The World Health Organisation defines Knowledge Translation (KT) as: “The synthesis, exchange, and application of knowledge by relevant stakeholders to accelerate the benefits of global and local innovation in strengthening health systems and improving people’s health.” (http://www.who.int/ageing/projects/knowledge_translation/en/)
Knowledge Translation can mean different things to different people and can be applied across various discipline areas. Fundamentally it is about putting research knowledge into practice. It provides an opportunity for end-users to be consulted and involved in the research process from the beginning ensuring the outcomes are relevant to their needs and can be applied in a meaningful and practical way in the shortest possible time.
Knowledge Translation Australia provides this succinct definition: “getting the right information, to the right people, at the right time, and in a format they can use, so as to influence decision making” (https://www.researchimpactacademy.com/).
Knowledge Translation can also be known as:
Sudsawad (2007) summarizes the characteristics of KT as the following:
KT includes all steps between the creation of new knowledge and its application
KT needs multidirectional communications
KT is an interactive process
KT requires ongoing collaborations among relevant parties
KT includes multiple activities
KT is a nonlinear process
KT emphasizes the use of research- generated knowledge ( that may be used in conjunction with other types of knowledge)
KT involves diverse knowledge-user groups
KT is usero and context-specific
KT is impact -orientated
KT is an interdisciplinary process
identification of key messages for different target audiences
Accuracy and relevance
Azimi, A., Fattahi, R., & Asadi-Lari, M. 2015, Knowledge translation status and barriers, Journal of the Medical Library Association. 103 (2) 96-99. https://www.ncbi.nlm.nih.gov/pmc/articles/PMC4404863/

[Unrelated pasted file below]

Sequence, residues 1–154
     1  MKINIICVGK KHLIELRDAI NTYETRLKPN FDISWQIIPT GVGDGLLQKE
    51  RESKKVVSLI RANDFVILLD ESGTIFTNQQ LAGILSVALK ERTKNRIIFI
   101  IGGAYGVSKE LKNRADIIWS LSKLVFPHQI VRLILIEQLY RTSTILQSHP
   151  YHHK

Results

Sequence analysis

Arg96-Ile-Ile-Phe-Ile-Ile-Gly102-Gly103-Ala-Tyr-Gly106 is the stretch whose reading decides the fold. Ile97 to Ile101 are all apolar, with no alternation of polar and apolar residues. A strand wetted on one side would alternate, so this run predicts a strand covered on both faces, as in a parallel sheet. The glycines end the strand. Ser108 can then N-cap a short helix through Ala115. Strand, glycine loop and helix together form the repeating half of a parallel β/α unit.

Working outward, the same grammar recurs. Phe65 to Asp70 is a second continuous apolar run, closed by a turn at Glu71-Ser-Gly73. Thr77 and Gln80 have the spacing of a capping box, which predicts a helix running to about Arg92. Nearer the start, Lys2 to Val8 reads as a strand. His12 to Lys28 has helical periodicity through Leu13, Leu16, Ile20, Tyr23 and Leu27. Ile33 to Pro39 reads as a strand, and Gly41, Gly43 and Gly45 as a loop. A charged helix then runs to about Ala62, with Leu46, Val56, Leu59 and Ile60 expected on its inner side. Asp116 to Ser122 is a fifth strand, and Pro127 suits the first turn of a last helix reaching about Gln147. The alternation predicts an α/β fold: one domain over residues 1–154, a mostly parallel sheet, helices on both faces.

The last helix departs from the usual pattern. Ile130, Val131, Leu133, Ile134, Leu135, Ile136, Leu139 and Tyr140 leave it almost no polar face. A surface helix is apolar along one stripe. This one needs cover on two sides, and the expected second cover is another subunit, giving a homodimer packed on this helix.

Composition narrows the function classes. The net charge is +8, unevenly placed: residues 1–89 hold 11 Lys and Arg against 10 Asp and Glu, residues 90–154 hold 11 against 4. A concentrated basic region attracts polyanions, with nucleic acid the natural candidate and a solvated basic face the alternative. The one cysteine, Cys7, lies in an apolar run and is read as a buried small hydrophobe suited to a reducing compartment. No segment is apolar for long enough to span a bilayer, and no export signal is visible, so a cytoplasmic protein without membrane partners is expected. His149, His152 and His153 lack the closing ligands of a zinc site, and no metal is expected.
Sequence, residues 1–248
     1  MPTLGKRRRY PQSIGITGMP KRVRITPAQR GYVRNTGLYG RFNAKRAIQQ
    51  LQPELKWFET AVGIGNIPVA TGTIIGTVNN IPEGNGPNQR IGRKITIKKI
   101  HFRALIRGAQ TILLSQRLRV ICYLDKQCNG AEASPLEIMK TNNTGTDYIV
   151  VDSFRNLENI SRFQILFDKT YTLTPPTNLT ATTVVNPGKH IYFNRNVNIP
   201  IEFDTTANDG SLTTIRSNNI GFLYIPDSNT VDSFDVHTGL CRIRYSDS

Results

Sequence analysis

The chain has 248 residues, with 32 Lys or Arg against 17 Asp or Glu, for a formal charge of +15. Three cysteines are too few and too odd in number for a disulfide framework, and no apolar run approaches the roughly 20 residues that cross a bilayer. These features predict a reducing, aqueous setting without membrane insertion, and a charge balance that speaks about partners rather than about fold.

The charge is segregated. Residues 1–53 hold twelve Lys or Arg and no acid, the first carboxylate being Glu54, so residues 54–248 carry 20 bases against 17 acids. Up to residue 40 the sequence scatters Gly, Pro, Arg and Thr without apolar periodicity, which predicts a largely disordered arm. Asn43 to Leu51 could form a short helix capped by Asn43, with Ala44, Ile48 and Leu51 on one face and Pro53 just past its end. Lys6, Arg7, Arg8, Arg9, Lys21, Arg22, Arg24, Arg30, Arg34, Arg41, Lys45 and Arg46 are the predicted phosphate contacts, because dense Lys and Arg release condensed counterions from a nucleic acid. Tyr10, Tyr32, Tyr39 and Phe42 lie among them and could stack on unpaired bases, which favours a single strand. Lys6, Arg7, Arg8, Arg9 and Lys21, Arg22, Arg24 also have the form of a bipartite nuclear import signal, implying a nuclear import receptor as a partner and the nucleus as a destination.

Engaged Scholarship –making the link between practice and theory.
Barge & Shockley-Zalabak (2008) define engaged scholarship "as a form of collaborative inquiry between academics and practitioners that leverages their different perspective to generate useful organizational knowledge", it "also evokes a different kind of working relationship with stakeholders that is aimed at developing theoretical and practical knowledge". Bowen & Graham (2013) add that "It's based on the belief that high quality, more relevant search results from true collaboration and from integrating the diverse perspectives of multiple stakeholders"
5 strategies (Van de Ven and Johnson 2006)
Key components: (Van de Ven and Johnson 2006)
Further assumptions (Meynes, G. 2018 Teaching Resource1_EI From Engagement to Impact):
recognises that other kinds of evidence, besides research, can support decision making
“If research is to be used, it must answer important questions of concern to knowledge users, and it must be integrated with contextual evidence in order to become actionable in a specific setting. this can only be accomplished if there is genuine participation of knowledge users from the beginning of the research process.” (Bowen & Graham, 2013 p.57)